Twelve bats found in public parks and private homes across Washington have tested positive for rabies since August 1.
While health officials test for and find rabid bats every year – typically during summer months – the August numbers are the highest in a decade, bringing the total number to 21 this year.
The number of bats submitted for testing in August was higher than in past years. Whether the rise is due to increased public awareness or other factors is not clear. What is clear is that many members of the public are doing the right thing: alerting local health officials if a family member or pet encounters a bat.
While any mammal can be infected with rabies virus, bats are the primary animal that carry rabies in Washington.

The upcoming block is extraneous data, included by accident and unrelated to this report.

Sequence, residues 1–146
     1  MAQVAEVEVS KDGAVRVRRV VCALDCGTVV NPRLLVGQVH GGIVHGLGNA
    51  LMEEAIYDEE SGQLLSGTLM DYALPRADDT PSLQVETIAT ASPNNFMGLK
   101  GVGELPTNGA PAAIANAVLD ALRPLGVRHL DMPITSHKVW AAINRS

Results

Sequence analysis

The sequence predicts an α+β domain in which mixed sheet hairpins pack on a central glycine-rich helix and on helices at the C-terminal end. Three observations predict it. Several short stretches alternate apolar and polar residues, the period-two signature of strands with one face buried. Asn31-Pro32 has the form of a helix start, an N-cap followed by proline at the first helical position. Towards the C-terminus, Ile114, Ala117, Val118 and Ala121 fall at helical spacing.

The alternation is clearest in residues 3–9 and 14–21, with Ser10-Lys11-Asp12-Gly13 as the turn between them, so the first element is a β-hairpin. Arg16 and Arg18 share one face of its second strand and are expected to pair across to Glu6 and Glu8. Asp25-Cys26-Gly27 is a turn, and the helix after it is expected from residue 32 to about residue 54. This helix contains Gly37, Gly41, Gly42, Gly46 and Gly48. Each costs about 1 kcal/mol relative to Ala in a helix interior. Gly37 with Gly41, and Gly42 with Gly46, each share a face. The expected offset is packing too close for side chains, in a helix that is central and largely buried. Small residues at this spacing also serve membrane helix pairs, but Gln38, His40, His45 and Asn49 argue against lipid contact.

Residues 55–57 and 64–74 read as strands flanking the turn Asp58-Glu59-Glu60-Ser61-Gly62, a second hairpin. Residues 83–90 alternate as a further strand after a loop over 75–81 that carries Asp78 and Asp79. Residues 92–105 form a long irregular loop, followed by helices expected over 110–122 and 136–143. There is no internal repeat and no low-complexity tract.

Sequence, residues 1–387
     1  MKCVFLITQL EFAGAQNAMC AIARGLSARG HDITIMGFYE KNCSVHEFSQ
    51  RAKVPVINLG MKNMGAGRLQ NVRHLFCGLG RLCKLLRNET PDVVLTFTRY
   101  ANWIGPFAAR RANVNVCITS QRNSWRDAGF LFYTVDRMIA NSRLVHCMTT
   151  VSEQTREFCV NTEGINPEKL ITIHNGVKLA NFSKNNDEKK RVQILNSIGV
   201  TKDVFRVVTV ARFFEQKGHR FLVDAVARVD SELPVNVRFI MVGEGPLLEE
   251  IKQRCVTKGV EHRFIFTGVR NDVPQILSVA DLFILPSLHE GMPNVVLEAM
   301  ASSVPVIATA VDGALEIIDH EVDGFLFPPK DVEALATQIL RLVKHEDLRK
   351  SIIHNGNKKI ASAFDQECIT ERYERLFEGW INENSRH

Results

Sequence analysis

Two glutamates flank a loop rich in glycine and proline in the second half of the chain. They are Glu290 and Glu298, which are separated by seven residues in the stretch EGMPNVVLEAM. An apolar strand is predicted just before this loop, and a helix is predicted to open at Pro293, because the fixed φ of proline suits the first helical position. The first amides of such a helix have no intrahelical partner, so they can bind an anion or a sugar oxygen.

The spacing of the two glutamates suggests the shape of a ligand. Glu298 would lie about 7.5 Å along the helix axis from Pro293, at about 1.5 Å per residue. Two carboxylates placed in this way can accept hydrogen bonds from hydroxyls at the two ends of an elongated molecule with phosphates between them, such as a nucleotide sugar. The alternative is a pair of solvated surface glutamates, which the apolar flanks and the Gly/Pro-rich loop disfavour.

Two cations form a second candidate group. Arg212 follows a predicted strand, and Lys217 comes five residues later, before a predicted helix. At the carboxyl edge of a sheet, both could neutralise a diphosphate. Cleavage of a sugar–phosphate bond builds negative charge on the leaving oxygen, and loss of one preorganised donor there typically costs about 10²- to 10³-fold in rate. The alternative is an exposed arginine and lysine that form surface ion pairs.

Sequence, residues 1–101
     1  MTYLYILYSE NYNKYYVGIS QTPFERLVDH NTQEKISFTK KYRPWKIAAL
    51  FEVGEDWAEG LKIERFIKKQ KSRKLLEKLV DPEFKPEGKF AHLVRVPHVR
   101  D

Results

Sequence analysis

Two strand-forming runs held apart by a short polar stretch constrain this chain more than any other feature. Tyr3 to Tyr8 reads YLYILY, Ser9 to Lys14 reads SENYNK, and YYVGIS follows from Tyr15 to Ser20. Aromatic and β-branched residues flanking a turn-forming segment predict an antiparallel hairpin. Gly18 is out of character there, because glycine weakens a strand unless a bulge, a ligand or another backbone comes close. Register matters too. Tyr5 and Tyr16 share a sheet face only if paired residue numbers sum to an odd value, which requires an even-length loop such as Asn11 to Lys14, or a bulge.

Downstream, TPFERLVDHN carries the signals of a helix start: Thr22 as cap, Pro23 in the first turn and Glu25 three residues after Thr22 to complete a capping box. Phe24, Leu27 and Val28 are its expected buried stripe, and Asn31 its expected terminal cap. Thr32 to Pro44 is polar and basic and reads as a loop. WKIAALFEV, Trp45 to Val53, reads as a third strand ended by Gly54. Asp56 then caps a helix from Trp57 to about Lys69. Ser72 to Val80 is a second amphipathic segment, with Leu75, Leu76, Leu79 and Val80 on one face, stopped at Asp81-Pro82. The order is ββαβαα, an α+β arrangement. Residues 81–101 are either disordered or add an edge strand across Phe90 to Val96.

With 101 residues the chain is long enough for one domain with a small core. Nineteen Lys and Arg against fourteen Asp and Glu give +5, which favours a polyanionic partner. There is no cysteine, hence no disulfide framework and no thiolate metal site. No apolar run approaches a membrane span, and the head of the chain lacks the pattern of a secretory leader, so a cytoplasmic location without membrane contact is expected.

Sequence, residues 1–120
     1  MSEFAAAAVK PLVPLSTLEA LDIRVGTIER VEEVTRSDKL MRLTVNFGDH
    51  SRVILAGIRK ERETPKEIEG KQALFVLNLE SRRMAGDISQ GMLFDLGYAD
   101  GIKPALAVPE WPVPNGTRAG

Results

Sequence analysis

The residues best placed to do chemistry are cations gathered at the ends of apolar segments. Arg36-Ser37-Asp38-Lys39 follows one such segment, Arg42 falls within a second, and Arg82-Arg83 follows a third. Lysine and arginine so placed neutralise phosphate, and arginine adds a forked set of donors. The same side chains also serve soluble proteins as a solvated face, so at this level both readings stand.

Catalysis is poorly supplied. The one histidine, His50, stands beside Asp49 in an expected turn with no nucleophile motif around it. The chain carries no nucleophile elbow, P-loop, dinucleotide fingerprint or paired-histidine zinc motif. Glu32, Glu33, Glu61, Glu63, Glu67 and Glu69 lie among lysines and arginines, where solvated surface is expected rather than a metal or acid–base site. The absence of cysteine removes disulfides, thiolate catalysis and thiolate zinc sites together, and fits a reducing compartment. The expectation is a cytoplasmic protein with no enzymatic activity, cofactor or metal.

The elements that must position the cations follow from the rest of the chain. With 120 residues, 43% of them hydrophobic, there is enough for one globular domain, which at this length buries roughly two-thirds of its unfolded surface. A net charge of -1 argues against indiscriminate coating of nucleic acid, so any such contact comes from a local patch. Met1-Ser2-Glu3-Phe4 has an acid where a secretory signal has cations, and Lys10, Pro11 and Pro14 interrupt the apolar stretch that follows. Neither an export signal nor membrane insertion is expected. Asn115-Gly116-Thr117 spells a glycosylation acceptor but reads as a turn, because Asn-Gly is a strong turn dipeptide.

It is important that people continue to take appropriate precautions if a bat is found – dead or alive. If you suspect that a family member or pet has had contact with a bat, do not touch the bat and call your local health department for next steps. More detailed precautions and information can be found on the Washington State Department of Health website.
In 2016, 20 rabid bats were identified across the state. This is up from 2015, when nine rabid bats were identified. The Washington State Public Health Laboratories tests between 200 and 300 bats per year. Typically, between three and 10 percent of the bats submitted for testing are found to be rabid.